The Angels tried to rectify the losses of the pitching staff by acquiring Joe Blanton. Frankly, I’m not impressed. World Series championships cannot be bought. A good example of that is the San Francisco Giants, aside from Buster Posey, I’m sure that unless one is a diehard Giants’ fan; the casual baseball fan cannot name anyone else on that team. When one thinks of the Giants, one thinks of the team before they think of any individual player. I wonder how the Angels’ organization will be able to justify their actions if they don’t make the postseason for a third year in a row.
In the American League West, which is possibly the toughest division in baseball. The Angels cannot afford to just coast and hope that the dominoes fall in their favor. Take a look at the results last year. Many around baseball expected for the American League West crowned to be adorned with a cowboy hat or a halo, only to discover that a white elephant would be King in 2012. The Angels cannot expect any other team to just rolled over for them simply because they have big names on paper. In 2013 is a requirement in my opinion to add a halo not only to the American League West crown, but also the World Series trophy.
It’s hard to describe how I feel as an Angels’ fan right now, it feels like rather than staying the course the Angels insist on making it hard on themselves. They decide not to give Torii Hunter and offer sheet, which would have at the very least guaranteed the Angels compensation picks if Hunter signs somewhere else. That’s a head scratcher. Why wouldn’t the team at least guarantee themselves compensation picks? It seems like a no-brainer, you have a player that came off a career year, why wouldn’t you at least guarantee yourself a plan B in case you lose a good player that made an impact on your team?
Dan Haren is another head scratcher, sure, he had a subpar and injury plagued season. One has to go with the times and exercise that option, especially since there is no pitcher on the free-agent market that would be worth risking major money, outside of Zack Greinke. Especially since recently traded away Ervin Santana to the Kansas City Royals for for left-handed reliever Brandon Sisk and cash considerations. This could be viewed as a salary dump, why get rid of a player who wasn’t spectacular but nonetheless held himself afloat and up to be the fourth or fifth Angels’ starter.
Give Torii Hunter the chance to win a championship with the Angels! I would hate to see him sign with the Rangers, and see them do exactly what Mike Napoli and Vladimir Guerrero have done to the Angels in the past. Think about it, Hunter signing with the Rangers is the most logical choice. Hunter lives in Dallas, he wants to play for a championship contender, and he would have the added bonus of playing his former team for most of a year. The Rangers fit all of Hunter requirements.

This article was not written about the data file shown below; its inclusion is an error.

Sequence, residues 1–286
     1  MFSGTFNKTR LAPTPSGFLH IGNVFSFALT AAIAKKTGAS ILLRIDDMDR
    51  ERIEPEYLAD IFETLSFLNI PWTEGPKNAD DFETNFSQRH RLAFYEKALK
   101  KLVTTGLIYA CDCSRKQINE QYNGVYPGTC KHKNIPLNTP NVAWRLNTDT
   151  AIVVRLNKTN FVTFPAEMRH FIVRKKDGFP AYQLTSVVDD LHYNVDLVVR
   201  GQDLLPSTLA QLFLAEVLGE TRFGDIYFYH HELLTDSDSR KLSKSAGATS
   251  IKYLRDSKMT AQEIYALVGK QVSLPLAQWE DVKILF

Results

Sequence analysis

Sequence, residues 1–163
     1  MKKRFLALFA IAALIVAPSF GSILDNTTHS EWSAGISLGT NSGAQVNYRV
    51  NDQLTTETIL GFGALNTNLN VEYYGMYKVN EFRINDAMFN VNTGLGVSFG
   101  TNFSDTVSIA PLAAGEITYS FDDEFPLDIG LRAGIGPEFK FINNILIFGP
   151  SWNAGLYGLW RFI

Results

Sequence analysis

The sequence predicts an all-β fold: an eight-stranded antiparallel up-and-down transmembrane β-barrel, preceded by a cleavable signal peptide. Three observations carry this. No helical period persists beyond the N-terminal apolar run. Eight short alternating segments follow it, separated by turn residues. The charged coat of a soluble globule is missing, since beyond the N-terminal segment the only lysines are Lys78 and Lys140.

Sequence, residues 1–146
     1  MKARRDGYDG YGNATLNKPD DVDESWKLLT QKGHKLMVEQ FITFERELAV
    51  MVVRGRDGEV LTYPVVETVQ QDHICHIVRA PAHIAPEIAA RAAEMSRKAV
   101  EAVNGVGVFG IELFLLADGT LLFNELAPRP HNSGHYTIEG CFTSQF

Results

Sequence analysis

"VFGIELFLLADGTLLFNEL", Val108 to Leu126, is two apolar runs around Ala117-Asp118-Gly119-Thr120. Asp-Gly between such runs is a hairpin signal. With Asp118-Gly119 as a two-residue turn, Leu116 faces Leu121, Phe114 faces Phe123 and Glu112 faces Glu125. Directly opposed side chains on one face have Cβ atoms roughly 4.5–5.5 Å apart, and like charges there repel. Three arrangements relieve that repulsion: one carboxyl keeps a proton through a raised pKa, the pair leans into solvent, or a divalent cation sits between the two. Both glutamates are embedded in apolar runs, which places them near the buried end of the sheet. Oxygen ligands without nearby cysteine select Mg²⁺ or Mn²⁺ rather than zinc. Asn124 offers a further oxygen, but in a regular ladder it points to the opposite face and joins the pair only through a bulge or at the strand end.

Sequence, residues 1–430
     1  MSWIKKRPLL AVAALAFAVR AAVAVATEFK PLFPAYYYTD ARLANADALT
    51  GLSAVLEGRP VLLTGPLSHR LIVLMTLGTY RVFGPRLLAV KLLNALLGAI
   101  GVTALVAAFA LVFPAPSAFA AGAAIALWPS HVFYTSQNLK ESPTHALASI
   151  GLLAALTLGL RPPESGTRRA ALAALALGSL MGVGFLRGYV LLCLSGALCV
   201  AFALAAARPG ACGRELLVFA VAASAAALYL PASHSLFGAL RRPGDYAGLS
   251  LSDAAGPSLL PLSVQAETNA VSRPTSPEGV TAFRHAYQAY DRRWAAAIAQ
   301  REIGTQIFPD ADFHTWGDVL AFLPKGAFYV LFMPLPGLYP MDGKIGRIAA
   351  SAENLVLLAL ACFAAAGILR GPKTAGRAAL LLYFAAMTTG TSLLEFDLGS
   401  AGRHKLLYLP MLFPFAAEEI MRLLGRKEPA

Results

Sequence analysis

Jerry Dipoto seems to be in the mood of erasing any fingerprint with Tony Riggins on it, as our general manager is going to go that route; he should examine the contract of Vernon Wells. Vernon Wells has proven to be a bust in an Angels’ uniform. I understand that the Angels would be responsible for most, if not all of his contract. At the very least however, it would free up a spot on the roster that should be given to a youngster that wants to contribute to the team something Vernon Wells is no longer capable of doing in my opinion.
Things in the American League West have gotten interesting, the baseball realignment has happened. The Houston Astros are now in the American League West. It’s going to be intriguing to see how the introduction of the Astros into a new division of next the win and loss record of the other teams in the division. I believe the Astros are way over the head, they have entered a very tough division in at least for this year, they have been sent to feed the other teams, maybe with the exception of Seattle.
I don’t know what’s going on, I wish I did, but when above average players put on the Angels’ uniform the quality of play seems to take a dive. Vernon Wells is the most glaring example. However in another great example is Fernando Rodney who received the Comeback Player of the Year award for his stellar performance this past season with the Tampa Bay Rays. Where was that Fernando Rodney when he was with the Angels? For that matter, the Vernon Wells that played in Toronto? It’s perplexing how good players don’t seem to flourish with this organization.
Yes, it’s hard to describe how I feel as an Angels’ fan right now, however the beautiful thing is for every sunset there is a sunrise. The problem is sometimes the key pieces that you see before you read before you go to sleep, and expect to be there when you wake up, are just not there. When the sun rises on the new season I hope that the right pieces are there, not only to compete, but to contend this upcoming season. Just like we as fans wait for the on the rise on the new upcoming season, the Angels must wake up from their delusional dream and realize that they are keeping the wrong pieces and letting the right pieces go.